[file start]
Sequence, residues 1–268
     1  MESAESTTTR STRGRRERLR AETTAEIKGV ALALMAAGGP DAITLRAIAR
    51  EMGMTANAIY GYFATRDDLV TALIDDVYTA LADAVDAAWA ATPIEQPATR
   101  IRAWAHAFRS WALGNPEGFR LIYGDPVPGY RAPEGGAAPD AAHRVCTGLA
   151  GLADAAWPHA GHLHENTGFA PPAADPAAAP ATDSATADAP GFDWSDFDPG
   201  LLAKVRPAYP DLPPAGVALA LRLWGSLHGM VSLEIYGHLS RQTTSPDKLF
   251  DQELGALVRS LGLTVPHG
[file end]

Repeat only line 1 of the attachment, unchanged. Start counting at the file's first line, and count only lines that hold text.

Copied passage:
Sequence, residues 1–268